The majority of SDRs get told to hit a certain activity target (50 dials a day) but are rarely given a good process to follow.

Solution: Develop your own process.

Any process is better than no process. Segment your accounts into Tier1 (great), Tier2 (average), and Tier3 (poor), and then take a specific approach to each. Create a morning routine and follow all your Tier1s on social listening tools. Develop detailed custom contact strategies for each of them each month.

My contact strategy is 6 unique touches in 30 days where I mix up my touches between emails and calls and try to say something different of value each time. After 6 touches, I let that person go and try someone else. I go after five accounts a month with this approach, block off two hours on my calendar at the beginning of each month to do the research, then develop my messaging and schedule out the activities.

For my Tier2s, I take more of a quantity approach where I run a list of a specific persona (VPs of Sales in the SaaS industry who use Salesforce) and I come up with 5-6 different value proposition messages and send out 30-50 emails/calls/contact strategies at a time to get the volume up.

I split test everything I do trying to figure out what works and what doesn’t.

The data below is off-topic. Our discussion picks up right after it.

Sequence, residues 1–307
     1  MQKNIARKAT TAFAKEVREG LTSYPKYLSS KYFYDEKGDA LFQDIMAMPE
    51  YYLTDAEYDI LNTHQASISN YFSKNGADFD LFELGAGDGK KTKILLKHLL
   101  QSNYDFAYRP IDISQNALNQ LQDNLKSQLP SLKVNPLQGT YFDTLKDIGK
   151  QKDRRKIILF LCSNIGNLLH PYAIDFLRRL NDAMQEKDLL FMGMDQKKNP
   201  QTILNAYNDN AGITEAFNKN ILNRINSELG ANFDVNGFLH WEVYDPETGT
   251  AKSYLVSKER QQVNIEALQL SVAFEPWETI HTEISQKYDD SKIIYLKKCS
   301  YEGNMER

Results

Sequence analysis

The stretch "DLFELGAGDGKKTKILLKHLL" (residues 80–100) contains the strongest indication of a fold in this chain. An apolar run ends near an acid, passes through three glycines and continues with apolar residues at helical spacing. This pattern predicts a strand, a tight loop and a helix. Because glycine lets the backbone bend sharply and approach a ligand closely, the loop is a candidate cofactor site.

Problem #5: Value Add

During a qualification call, if a SDR doesn’t add enough value, the client doesn’t see value in taking the next step. If they add too much, they take value away from the AE and frustrate the client.

Solution: Focus and tell a story.

My favorite way to run a call blitz is to reverse engineer a case study. I look at the bottom of a case study to find the result we drove for that client. I then turn that into my “Attention Grabber,” that sounds something like, “We showed XYZ Company how to drive ABC result using our solution.” The result usually speaks to a specific persona (VP of Sales in the SaaS industry).

With that, I can now come up with 2-3 qualifying questions specific to that persona, so I can sound more intelligent when I get them on the phone. Finally, I learn how to tell that story in the case study. Then, I run a list of everyone in my territory that fits that persona/profile and call all of them and say the same thing. If they pick up the phone, I ask the 2-3 qualifying questions and tell the story if it’s relevant and then close them on the meeting. This way, I’m giving some value but not too much.

Problem #6: AE Management

SDRs typically manage five different Account Executives with five different likes/dislikes as to how to standardize the process of setting qualified meetings (and with whom they are set).

Solution: Develop a specific game plan for each AE.

I recommend sitting down with each AE to learn what approach they want me to take. Do they want to go top-down, and me bottom-up? Do they want to manage the C-suite and I call everyone else? How far do they want me to qualify the opportunity?

Once all that is nailed down and agreed upon, I would write it up, send it to them in an email and get them to confirm it so I had a record of it. Then, as time and resources allow, I would spend one day on prospecting for each of them so I could get in the right mindset for each diverse need.

Although SDRs have one of the hardest jobs in sales by setting qualified meetings, it’s also one of the most important jobs. You can’t close something unless you open it first.

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This post originally appeared on SalesLoft.com